The evidence we have is of a young man repulsed by what he considered to be his parents' hollowness and cruelty. Scarred by visions of domestic violence--played out against plush sofas and certificates of professional achievement--Chris was internalising it all and developing a philosophical identity intent on rejection. That he managed to do so secretly for so long is testament to his strength of will.

But the time came to enact his philosophy, and when he did he made the mistake of nominating Thoreau and Tolstoy as its authors, rather than his parents. It's now weeks after having seen the film, and I'm convinced that Chris' journey may be one of the longest and most heroic ''fuck you'' to parents in history--all I did was get my ear pierced. Still, it's not much to hang a life on. Chris may not have wished to contemplate that his grand narratives were inspired by his parents, but until he did, he was on the run.

And his running nearly killed his parents. When you choose to leave a life, in whichever way, you sever deep emotional arteries, and you ain't around to mop up the blood. As an extreme idealist, Chris had worked the ugly trick of transcending himself above the despair he wrought back home. It is as if in turning his back on the WASP milieu he turned his back also on the universally human properties of pain and anguish contained within it. In other words, he was a selfish bastard.

And he fled from others. Continually. Driven by Alaska, Chris turned his back on whirlwind intimacies, leaving in his wake a trail of gooey hearts and wet eyes all over America's West. In perhaps the film's most poignant sequence, Chris meets Ron Franz (played wonderfully by Hal Holbrook), a sad, stoic widower living on the edge of the desert. Ron's life is quiet, defined by discipline and regiment--set meals and times, and a workshop where he works diligently on leather engraving. The quiet dignity of the man is humbling, as is the halo of grief and loneliness that he wears unknowingly.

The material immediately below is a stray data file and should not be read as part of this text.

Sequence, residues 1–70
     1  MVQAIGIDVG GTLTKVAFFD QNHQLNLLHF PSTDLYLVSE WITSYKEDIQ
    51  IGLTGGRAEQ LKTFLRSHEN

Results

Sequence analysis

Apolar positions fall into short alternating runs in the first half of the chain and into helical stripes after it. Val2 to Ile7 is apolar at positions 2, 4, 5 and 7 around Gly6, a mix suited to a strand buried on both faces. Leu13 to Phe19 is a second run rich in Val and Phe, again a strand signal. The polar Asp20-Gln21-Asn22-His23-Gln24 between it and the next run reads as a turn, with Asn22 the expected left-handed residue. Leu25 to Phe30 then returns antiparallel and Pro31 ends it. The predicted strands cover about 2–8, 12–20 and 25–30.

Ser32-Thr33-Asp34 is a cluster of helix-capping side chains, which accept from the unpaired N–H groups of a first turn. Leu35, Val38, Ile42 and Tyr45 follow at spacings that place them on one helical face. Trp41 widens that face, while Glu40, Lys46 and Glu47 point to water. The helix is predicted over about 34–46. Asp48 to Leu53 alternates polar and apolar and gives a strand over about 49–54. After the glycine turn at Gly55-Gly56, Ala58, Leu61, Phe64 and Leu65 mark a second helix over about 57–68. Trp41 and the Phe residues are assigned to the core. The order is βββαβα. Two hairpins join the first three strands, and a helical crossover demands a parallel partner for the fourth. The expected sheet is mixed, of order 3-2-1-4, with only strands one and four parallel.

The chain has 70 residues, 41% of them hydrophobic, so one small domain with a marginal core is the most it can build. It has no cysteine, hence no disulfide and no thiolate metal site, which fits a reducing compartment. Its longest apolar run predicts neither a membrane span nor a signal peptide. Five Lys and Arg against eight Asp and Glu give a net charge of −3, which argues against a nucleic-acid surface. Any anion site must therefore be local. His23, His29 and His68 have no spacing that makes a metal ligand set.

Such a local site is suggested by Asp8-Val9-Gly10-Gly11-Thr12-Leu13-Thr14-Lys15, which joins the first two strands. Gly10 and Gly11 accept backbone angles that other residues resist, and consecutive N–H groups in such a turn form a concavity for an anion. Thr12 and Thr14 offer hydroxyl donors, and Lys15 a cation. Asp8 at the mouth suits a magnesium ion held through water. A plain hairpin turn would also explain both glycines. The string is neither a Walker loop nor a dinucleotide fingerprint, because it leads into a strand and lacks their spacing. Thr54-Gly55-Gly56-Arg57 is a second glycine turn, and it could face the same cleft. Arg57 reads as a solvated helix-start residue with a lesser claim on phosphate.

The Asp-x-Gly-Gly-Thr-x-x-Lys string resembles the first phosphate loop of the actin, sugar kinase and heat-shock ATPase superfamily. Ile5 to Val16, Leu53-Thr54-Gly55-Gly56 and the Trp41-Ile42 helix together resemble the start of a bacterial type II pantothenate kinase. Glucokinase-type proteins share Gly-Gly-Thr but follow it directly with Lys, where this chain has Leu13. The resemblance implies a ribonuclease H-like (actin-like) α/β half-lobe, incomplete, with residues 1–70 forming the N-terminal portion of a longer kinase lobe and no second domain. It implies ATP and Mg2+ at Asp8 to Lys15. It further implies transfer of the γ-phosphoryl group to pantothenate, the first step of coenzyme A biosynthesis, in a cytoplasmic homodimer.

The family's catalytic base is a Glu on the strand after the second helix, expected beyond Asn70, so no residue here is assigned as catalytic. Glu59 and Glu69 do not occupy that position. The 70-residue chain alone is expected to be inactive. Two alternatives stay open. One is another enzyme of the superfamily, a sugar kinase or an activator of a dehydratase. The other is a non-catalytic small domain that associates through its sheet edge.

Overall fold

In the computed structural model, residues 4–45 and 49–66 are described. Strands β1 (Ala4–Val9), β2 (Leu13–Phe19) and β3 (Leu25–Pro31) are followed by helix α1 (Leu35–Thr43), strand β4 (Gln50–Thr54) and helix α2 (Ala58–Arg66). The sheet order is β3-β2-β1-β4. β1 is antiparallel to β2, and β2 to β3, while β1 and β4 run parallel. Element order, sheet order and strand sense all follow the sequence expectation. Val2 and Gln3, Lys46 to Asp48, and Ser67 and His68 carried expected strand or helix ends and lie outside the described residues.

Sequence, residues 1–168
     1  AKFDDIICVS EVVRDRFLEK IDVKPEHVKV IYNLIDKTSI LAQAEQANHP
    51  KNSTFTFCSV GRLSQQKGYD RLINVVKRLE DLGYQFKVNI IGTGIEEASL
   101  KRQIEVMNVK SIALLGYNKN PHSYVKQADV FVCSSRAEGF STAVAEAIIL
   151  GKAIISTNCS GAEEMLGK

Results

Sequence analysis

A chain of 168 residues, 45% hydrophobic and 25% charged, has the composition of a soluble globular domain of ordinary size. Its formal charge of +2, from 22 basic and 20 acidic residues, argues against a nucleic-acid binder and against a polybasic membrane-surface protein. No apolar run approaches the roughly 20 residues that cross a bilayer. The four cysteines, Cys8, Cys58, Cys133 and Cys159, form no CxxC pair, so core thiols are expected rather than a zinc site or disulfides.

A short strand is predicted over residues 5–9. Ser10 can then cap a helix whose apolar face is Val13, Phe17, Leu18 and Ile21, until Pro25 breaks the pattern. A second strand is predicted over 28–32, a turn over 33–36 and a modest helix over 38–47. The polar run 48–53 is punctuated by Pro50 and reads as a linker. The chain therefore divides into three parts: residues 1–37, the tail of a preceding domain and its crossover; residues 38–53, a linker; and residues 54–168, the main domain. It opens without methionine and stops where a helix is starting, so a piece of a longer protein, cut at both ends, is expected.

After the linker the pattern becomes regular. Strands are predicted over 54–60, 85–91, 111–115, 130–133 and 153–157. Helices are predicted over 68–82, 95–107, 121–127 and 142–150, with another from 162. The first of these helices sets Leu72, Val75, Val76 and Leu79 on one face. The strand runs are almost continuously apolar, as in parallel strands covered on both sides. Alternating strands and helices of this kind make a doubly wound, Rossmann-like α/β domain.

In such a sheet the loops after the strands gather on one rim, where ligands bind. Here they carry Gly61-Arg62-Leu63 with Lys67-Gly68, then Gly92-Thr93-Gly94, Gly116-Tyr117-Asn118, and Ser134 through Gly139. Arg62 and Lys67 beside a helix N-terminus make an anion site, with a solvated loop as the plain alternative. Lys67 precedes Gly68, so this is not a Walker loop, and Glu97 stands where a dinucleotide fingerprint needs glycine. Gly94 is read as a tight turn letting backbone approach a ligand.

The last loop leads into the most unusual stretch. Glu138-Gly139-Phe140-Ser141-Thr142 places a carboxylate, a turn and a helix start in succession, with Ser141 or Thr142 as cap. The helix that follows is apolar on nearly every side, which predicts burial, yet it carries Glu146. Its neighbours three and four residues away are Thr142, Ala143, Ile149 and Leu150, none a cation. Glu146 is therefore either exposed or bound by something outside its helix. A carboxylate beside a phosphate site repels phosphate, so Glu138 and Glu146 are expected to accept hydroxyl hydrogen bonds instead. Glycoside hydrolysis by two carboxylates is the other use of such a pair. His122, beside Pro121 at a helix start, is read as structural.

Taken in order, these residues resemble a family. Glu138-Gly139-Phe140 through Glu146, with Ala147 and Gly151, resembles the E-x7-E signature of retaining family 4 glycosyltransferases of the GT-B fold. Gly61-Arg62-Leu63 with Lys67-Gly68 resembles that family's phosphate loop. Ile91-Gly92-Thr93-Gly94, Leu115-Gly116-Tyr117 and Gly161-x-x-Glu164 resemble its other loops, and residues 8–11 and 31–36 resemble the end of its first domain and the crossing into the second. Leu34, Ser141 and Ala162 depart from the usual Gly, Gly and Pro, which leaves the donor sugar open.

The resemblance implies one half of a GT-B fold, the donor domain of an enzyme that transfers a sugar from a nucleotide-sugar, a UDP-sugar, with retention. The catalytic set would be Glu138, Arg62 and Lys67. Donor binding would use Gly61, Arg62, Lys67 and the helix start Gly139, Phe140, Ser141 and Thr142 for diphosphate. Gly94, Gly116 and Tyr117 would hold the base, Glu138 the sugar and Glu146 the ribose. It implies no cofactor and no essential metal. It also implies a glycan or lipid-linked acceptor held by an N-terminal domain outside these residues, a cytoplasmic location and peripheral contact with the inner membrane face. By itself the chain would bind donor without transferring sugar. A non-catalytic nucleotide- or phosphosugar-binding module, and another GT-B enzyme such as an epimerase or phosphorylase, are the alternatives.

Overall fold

Chris penetrates the man's heart, opens him up a little, and they share some genuinely warm moments. But the pull of Alaska is always there, and Chris attempts to steal away in the middle of the night. He's stopped by Ron, who offers to drive him some distance north, and which will allow him the opportunity to say goodbye properly.

And so the car stops, as it must, and the old man contemplates resuming his life of loneliness. Choking back tears, he tells Chris that when he dies, so does his name. In that you've rejected your parents, he asks, would you consider allowing me to adopt you?
''Can we talk about this when I get back?'' Chris asks. The old man swallows and nods his approval. It is at that moment that I was convinced that the totality of the world's pain was contained within that small cabin. And, of course, Chris never comes back.

All of this threatens the martyrdom of Chris McCandless, but that isn't to say we aren't left with a courageous man. In all of this philosophising (his and mine) we may forget just how young he was.